Fundamental knowledge is not to reinvent everything (like to use only pure JavaScript instead of Angular, for example). Fundamental knowledge is to understand why the language has the features it has, why the framework exists and why it’s a better/bad practice to use either one of them!

It's the skill necessary to be able to implement them yourself if you must.

Greg Young in his talk entitled "8 Lines of Code" tell us what simplicity really means. He uses 8 lines of code to conclude that "if you want to use a tool or framework to solve a problem, maybe what you need is to change the problem". Learning fundamentals allows us to not rely on “magic” and instead think about the problem in a fundamental way instead of outsourcing it.

Fundamental knowledge is not to reinvent but to understand better what there is, in order to avoid talking about how it works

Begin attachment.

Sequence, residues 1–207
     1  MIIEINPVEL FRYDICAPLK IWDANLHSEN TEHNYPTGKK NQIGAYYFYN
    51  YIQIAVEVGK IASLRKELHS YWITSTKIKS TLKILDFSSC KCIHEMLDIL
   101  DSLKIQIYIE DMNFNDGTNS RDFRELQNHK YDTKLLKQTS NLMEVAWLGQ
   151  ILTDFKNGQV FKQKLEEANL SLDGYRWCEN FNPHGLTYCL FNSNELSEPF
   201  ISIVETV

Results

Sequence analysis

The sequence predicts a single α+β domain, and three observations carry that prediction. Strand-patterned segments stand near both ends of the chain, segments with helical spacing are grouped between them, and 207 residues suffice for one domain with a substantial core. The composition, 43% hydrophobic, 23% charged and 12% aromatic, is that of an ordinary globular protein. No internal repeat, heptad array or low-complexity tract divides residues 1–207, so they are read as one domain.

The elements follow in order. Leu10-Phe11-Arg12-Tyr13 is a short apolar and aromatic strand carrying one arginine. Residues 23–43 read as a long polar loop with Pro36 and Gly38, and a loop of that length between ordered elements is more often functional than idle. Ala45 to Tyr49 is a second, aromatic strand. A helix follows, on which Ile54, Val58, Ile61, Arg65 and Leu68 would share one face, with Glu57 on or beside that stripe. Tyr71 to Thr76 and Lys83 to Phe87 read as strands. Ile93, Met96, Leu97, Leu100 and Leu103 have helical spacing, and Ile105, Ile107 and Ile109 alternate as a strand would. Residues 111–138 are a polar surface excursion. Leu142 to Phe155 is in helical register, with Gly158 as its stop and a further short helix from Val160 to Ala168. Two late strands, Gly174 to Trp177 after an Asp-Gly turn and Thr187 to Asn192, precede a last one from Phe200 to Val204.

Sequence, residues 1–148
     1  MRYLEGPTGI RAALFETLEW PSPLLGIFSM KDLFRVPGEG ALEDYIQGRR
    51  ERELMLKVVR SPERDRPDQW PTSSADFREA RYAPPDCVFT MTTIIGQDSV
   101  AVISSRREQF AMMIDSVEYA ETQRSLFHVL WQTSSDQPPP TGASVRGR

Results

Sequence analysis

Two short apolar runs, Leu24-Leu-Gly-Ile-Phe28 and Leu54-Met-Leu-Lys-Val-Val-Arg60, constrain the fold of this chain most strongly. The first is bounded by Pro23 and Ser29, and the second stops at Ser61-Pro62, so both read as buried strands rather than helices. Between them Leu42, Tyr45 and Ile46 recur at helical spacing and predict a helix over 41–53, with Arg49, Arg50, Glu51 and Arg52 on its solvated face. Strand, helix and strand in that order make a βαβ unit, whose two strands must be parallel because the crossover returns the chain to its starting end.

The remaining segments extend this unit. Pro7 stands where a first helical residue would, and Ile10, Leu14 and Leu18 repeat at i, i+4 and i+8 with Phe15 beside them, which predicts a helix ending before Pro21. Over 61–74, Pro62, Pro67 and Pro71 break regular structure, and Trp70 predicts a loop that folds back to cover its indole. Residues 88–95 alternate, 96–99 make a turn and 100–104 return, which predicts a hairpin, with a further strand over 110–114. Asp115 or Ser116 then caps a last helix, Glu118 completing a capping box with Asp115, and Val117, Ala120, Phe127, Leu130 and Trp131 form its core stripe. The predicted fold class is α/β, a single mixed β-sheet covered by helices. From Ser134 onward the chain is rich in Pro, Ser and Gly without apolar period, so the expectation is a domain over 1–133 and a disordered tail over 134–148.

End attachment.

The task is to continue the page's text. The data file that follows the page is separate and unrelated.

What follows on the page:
I am trying to do something to change it, trying to write about fundamentals as much as possible for free. This is one of the reasons I started blogging instead of letting myself to become an Angry Programmer because of the state of this industry.

I hope the industry starts doing the same and building on top of things that are valuable for a professional, not things that will make yourself obsolete in less than one year.

This way we can build trust in society to be seen as the doctor.

A professional who can be accountable and respected for their decisions instead of being forced to kill the patient and blame the scalpel.

Don't blame the scalpel.

Thanks for reading. If you have some feedback, reach out to me on Twitter, Facebook or Github.